Once I have the RAM installed and Windows (courtesy of Parallels) installed I will get to grips with Creative Cloud on the Mac. Having run it for a year on a PC laptop I am looking forward to getting back to the Mac way of doing things, I can tell you. I am also looking forward to Phase 2 of my grand plan – to install an SSD RAID to run Maverick from!
Life without a Mac – not something I anticipated any time in the past. However, when my daughter started sixth form I decided to donate my lovely MacBook Pro to her as my previous donation was now on its last legs. So, I got a new one for myself to replace it – well actually, no. I decided that as my iPhone 4S works really well as a substitute for carrying around a somewhat bulky laptop that instead this time I would get another iMac.
Dilemma – new iMacs were in the wings so I didn’t want to buy one and then find myself frustrated that Apple had just brought out a new line. So, here I am having spend the last couple of months using a PC laptop for my day job and my iPhone as a replacement for my Mac laptop.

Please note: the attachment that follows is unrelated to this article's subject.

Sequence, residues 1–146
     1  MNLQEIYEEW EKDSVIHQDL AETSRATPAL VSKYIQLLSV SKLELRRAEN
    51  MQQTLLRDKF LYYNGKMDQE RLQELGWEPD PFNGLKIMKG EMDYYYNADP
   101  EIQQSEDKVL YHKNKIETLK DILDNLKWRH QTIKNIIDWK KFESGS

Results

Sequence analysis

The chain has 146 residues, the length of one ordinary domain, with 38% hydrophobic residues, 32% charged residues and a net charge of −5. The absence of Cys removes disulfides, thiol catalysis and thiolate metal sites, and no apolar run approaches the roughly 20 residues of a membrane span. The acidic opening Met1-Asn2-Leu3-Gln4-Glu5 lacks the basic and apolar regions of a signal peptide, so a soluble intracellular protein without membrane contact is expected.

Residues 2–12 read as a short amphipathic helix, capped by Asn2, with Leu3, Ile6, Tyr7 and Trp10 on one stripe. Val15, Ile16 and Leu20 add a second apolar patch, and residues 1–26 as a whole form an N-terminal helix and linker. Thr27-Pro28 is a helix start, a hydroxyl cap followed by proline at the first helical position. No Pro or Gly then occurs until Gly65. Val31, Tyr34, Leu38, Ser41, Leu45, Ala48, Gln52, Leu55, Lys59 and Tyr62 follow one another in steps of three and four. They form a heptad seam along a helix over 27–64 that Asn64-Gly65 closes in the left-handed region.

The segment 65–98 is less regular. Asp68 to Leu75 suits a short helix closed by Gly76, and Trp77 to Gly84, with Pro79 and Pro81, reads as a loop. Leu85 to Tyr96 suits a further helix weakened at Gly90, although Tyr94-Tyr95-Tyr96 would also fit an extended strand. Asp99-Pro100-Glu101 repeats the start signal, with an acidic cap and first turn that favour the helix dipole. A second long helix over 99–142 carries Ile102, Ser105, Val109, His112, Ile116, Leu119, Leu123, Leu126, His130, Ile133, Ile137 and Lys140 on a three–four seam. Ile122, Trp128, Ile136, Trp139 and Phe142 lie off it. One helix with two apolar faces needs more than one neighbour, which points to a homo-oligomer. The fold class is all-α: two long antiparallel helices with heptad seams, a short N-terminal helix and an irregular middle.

So, how has it been? Well, surprisingly (to me certainly) I have not really missed my MacBook Pro as much as I thought I would. I am writing this post on a PC laptop, which though its nowhere as pleasant to use it does suffice for most tasks and certainly copes with writing documents for work, emails and blog posts etc. Of course, browsing the web these days is pretty much the same what OS you use.
I am using Windows 7 and its an improvement on XP but only just. I doubt I will upgrade the PC to Windows 8 anytime soon though. iOS 6 works great on my iPhone and I can do much of what I need to do day to day on it when out and about.The rest of the time I use the PC laptop. In fact, the only time I use my (daughter’s) MacBook Pro is to open documents that I haven’t copied to my Dropbox folder or the odd program that does something none of my PC ones can do.
I guess all this goes to prove how close the two operating environments are these days and that’s a good thing. Both can provide what is needed for most tasks you would need to do in everyday situations. However, I am hooked on the Apple way fo doing things and I love the reliability and sheer design perfection of Macs so I can’t wait to get a shiny new 27-inch iMac. All I need to do is find a way of financing it!